Starting backwards, yesterday I snorkeled in the Oregon Coast Aquarium's Halibut Flats tank in Passages of the Deep. Hannah Lyons and I quickly put on our wet-suits and snorkel gear; we proceeded to explore one of the most fascinating exhibits at the Aquarium. I paddled about like a child for a bit, before following around Sebastes pinniger and Sebastes miniatus.
|After my snorkel experience at the Oregon Coast Aquarium|
Earlier in the week I was able to participate in a small discussion/training for a video analysis project going on at ODFW. The project itself is called Video Lander Analysis 2014, and it consists of habitat classification, species identification and meticulous counting. There is a rigorous cross-checking process, and 30 second "bins" where the maximum number of rock fish is recorded within a single frame (29 frames per second). I was able to help explain how to use Adobe's Premiere to review videos, and share a few other handy bits of Premiere information. I've learned a lot since being at ODFW, and am happy to be passing some of my knowledge forward so quickly!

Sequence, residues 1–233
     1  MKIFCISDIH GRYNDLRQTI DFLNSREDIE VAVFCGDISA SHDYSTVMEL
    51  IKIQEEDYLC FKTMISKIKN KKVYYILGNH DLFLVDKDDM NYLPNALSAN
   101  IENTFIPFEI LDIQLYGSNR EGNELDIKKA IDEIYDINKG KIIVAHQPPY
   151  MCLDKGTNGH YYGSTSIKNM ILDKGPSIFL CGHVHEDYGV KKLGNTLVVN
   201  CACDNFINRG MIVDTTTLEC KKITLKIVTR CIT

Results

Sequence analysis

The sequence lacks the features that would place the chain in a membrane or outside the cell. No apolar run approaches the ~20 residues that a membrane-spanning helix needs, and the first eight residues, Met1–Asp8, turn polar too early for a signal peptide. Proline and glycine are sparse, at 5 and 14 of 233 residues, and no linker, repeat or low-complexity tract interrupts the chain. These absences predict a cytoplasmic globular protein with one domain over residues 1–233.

|Two things I cannot go without during my day: coffee and a desktop. Here, I was editing a video which needed to be reviewed.|
On Friday I was able to help Marc (ODFW) over at HMSC with salmon tag scanning, and other data collection. Three other interns participated, and by the end of the two hours we were a well oiled data collecting machine! What is this information for? The IH unit at the Aquarium is housing several hundred diploid and diploid salmon, which are being used as controls for a large scaled data collection in the Willamette River. The information Marc and the small team of interns gathered is the first round of many for this project. Institutions such as the University of Washington, Oregon State University, the Hatfield Marine Science Center, the Oregon Coast Aquarium and ODFW are working collaboratively on the project.
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